A signature campaign for a people's initiative against political dynasties is set to be launched in February next year, months before the May 2013 midterm elections. Norman Cabrera, secretary general of Ang Kapatiran Party, the group that will spearhead the campaign, announced this on Thursday during their planning conference for their "Kilusan ng 99 percent (K99)" drive. “At the end of the day, ang isang sitwasyon na kinahaharap ng isang botante ay isang sitwasyon na wala siyang choice kundi iboto ang mga candidates who are all members of political dynasties. Isang realidad 'yan," Cabrera said. The Commission on Elections (Comelec) is now working on the form of the petition for their initiative drive, Cabrera said.
The group forwarded to the Comelec a letter of request for the petition last August. The poll body's law department, in response, informed them the en banc will tackle it next week. Ready by February “That means we anticipate that by December or at the latest January, Comelec should have prescribed the form… We should be able to launch the signature campaign by February,” Cabrera told GMA News Online after the hearing. A people's initiative is to a constitutional method of amending the Constitution or a law through a signature campaign and a referendum. Under Republic Act 6735 or the Initiative and Referendum Act of 1989, private citizens can push for national legislation by having it signed by at least 10 percent of all registered voters and at least three percent in every legislative district. Once the petition is filed with the Comelec, a referendum must be held within 45 to 90 days. According to the book “In Search of Credible Elections and Parties: The Philippine Paradox” by UP Prof. Temario Rivera, a political clan is defined as "having at least two members of the same family who have won political positions from 1987 to 2010; and an individual who have won at least three times who have relatives who have been previously elected in the post-war period." The Philippine Constitution prohibits political dynasties as enabled by law, but Congress has yet to pass an anti-political dynasty law. Cabrera said that with institutional support they should finish the campaign by March or April.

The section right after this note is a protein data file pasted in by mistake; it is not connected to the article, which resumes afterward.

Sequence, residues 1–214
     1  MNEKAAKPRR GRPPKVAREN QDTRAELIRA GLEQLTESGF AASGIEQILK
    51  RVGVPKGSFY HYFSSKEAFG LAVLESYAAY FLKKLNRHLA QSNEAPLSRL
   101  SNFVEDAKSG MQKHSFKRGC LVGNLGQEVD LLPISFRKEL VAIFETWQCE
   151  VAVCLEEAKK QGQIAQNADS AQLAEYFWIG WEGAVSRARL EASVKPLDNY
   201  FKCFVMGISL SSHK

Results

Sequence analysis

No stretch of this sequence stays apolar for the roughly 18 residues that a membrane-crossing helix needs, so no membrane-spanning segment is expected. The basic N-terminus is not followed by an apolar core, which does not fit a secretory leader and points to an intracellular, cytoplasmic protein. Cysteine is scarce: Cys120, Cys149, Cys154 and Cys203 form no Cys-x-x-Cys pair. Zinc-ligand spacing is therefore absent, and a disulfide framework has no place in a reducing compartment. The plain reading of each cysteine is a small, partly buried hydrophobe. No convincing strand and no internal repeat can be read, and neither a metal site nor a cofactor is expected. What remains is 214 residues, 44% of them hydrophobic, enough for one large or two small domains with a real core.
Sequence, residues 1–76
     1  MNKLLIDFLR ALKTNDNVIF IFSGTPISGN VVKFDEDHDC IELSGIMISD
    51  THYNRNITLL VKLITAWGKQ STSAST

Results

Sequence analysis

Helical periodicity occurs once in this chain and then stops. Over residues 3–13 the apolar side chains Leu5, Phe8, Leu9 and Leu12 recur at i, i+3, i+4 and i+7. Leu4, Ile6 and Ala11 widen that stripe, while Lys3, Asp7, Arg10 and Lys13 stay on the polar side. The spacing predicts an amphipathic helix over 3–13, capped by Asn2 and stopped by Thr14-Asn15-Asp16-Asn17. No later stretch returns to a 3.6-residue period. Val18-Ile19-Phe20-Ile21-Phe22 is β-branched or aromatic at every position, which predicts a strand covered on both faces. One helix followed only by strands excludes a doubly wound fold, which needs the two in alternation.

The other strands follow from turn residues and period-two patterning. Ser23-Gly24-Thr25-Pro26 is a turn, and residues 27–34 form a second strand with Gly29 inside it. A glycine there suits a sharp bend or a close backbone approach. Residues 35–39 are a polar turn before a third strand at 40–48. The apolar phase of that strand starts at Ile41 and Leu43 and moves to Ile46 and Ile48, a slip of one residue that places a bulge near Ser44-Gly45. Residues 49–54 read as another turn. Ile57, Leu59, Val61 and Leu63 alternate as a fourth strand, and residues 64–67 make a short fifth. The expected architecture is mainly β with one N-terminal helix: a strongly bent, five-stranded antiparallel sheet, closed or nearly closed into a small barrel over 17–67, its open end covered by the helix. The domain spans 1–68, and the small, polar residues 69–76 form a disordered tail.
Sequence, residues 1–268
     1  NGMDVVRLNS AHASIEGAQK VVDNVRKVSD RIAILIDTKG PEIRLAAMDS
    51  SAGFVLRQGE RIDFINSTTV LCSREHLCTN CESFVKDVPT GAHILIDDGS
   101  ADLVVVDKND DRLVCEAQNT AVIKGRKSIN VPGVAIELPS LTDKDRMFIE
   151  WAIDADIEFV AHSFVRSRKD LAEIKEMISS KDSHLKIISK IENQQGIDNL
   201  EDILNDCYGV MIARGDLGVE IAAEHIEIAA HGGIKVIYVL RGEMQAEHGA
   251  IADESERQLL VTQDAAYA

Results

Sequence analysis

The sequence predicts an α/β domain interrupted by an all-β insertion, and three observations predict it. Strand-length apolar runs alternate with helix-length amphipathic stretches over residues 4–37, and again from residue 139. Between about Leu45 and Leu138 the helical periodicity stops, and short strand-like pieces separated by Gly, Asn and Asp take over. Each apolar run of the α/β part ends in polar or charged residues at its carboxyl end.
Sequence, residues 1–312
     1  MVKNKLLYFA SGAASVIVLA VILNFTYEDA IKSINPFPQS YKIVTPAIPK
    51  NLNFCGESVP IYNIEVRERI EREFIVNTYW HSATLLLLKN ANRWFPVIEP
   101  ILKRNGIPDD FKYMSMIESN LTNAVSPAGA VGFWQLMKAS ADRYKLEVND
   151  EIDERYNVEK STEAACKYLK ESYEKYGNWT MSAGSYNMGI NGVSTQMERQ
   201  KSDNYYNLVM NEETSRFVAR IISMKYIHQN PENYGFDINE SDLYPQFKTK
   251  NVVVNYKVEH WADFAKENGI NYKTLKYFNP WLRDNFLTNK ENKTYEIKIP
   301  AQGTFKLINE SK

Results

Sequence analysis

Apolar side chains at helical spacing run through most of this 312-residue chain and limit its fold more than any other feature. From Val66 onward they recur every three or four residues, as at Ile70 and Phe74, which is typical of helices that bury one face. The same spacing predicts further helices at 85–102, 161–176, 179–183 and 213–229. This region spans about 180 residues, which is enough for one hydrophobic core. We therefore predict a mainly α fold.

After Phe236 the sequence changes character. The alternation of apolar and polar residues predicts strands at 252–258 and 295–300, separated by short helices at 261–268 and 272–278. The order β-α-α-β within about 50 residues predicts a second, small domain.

“Government privatization” Kapatiran president JC Delos Reyes, the party’s senatorial candidate for the 2013 elections, said political dynasties “privatize” the government. “Political dynasties are government privatization at its best,” said Delos Reyes, an unsuccessful presidential aspirant in the 2010 elections. “For the past five presidents, they desecrated the Constitution by allowing their family members to run or to hold office just because there is no enabling law.” He described the political system dominated by major political parties and its political dynasties as a "dictatorship." "It’s a dictatorship – Binay, Erap, Noynoy, Enrile – lahat sila d'yan. They dictate the party. They buy the party," Delos Reyes said. Delos Reyes, however, admitted that he too belongs to a political family. His mother, Barbara Delos Reyes, is the sister of former Senator Richard Gordon, who also ran for president in 2010. The Gordons are a political family in Olongapo. "By the way, I am from a dynasty... Ang kaibahan, way back 1995 I could have been mayor, I could have been whatever there (Olongapo). I chose to organize way back a political party that is anti-dynasty," Delos Reyes said. He said he has already “rejected” his family roots. “Long before, I have rejected my family and embraced an anti-political party.”
“The difference between my family and me is that they allow our relatives to run for office. I am ashamed of that,” Delos Reyes added. He also said he no longer talks or deals with the Gordon family. — Marc Jayson Cayabyab/KBK, GMA News